PostfixAdmin – Create Virtual Mailboxes on Ubuntu Mail Server

In previous articles, we discussed how to set up your own mail server on Ubuntu from scratch. In part 1 and part 2 of this tutorial series, we learned how to set up Postfix SMTP server and Dovecot IMAP server, but so far we can only have email addresses for users with local Unix account. This tutorial is going to show you how to create virtual mailboxes on Ubuntu mail server with PostfixAdmin, which is an open-source web-based interface to configure and manage a Postfix based email server for many domains and users.

With virtual mailboxes, we don’t need to create local Unix account for each email address. If you are going to set up a mail server for a company or organization, it’s always better to have an easy way to create virtual mailboxes in a web-based interface, which also allows users to change their passwords. That’s where PostfixAdmin comes in.

PostfixAdmin Features

  • manage mailboxes, virtual domains and aliases
  • vacation/out-of-office messages
  • alias domains (forwarding one domain to another with recipient validation)
  • users can manage their own mailbox (change alias, password and vacation message)
  • quota support for single mailboxes and total quota of a domain
  • display used quota
  • fetchmail integration: You can fetch emails from your original email address to your new email address.
  • command line client postfixadmin-cli for those who don’t want to click around in a web interface 😉

Prerequisites

I assume that you have followed part 1 and part 2 of this tutorial series. If you followed mail server tutorials on other websites, I recommend purging your configurations and start over with my tutorial series, so you are not going to be confused by different setup processes.

PostfixAdmin is written in PHP and requires a database (MySQL/MariaDB, PostgreSQL or SQLite). This article will use MariaDB database. You also need to run Apache or Nginx web server. So basically we are going to need a LAMP or LEMP stack.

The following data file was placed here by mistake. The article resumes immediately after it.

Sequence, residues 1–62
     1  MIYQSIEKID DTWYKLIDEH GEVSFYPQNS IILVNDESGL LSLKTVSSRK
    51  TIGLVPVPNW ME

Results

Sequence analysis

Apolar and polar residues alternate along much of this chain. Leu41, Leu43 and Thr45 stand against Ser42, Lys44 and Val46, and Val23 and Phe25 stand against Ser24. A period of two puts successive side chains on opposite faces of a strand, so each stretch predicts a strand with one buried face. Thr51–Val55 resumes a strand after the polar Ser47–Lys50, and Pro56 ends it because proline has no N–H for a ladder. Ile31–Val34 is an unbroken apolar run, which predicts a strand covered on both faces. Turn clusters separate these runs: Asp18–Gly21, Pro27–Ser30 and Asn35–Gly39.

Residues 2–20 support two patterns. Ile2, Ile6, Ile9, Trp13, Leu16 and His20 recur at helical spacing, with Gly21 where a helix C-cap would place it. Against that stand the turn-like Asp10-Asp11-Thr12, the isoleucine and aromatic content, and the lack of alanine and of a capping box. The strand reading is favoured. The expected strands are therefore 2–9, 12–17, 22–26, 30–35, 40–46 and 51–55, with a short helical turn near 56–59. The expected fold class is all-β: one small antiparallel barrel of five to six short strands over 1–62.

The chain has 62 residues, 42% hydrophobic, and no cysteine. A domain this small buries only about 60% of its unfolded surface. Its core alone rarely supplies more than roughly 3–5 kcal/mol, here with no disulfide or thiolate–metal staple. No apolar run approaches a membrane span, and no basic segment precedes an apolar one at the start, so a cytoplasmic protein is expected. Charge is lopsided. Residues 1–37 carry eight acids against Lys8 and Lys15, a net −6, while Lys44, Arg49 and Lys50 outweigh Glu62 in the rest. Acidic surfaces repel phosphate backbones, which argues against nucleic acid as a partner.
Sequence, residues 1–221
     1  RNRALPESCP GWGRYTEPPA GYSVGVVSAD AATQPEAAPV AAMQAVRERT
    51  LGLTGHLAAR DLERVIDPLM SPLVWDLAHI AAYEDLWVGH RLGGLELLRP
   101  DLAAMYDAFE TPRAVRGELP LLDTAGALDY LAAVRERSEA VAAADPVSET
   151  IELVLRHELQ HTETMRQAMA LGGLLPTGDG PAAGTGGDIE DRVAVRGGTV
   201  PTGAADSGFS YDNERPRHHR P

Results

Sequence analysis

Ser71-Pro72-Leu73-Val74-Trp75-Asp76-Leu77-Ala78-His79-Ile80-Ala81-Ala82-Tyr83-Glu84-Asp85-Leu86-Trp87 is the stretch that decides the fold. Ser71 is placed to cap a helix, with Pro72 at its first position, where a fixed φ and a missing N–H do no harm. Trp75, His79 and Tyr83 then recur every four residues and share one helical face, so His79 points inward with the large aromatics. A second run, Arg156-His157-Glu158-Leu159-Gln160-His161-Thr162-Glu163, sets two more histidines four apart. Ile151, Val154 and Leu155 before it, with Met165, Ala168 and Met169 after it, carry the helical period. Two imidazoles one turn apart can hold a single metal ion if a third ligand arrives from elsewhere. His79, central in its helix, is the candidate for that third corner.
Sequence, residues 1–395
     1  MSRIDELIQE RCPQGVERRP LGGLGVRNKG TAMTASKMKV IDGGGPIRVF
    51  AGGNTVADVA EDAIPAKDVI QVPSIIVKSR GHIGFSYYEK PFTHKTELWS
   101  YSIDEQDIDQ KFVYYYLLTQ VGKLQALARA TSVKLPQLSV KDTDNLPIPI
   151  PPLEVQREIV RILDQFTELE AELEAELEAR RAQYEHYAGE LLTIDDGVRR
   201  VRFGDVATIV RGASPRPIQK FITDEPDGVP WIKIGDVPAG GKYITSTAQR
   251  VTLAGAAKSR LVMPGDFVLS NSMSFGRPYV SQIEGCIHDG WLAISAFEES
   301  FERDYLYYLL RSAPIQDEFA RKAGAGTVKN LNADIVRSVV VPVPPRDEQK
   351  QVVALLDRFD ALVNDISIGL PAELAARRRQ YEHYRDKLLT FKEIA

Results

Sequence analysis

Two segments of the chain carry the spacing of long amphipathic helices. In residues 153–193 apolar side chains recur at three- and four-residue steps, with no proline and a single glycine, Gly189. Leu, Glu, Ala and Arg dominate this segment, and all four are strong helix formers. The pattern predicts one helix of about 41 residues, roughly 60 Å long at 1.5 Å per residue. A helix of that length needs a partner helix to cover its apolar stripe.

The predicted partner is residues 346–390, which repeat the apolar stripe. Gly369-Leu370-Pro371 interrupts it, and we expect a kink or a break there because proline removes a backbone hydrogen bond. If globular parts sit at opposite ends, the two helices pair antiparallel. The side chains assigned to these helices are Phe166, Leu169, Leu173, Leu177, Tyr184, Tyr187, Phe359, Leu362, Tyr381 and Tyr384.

If you prefer to use Apache web server, then set up a LAMP stack.

If you prefer to use Nginx web server, then set up a LEMP stack.

Once the above requirements are met, let’s install and configure PostfixAdmin.

Step 1: Install PostfixAdmin on Ubuntu Server

Log into your mail server and install PostfixAdmin from the default Ubuntu software repository.

sudo apt install postfixadmin

During the installation, you will be asked if you want dbconfig-common to configure the database. Choose Yes.

postfixadmin ubuntu 18.04

Then select the default database type: mysql.

postfixadmin mariadb mysql

Dbconfig-common will create the postfixadmin database and user. You need to set a password for this user.

postfixadmin database password

After PostfixAdmin is installed, you can log in to MySQL/MariaDB console with the following command. You will need to enter the password for the postfixadmin user.

mysql -u postfixadmin -p

And you can check what databases the user has permissions to access with the following command.

SHOW DATABASES;

Output:

+--------------------+
| Database           |
+--------------------+
| information_schema |
| postfixadmin       |
+--------------------+
2 rows in set (0.002 sec)

By default, the postfixadmin database contains no tables. You can log out of the MySQL/MariaDB console with the following command.

EXIT;

The installation will also create two configuration files: /etc/dbconfig-common/postfixadmin.conf and /etc/postfixadmin/dbconfig.inc.php, both of which contain the database access settings, including the database username and password. Note that if you use MariaDB instead of MySQL, you need to change the database type from mysql to mysqli in both of the two files.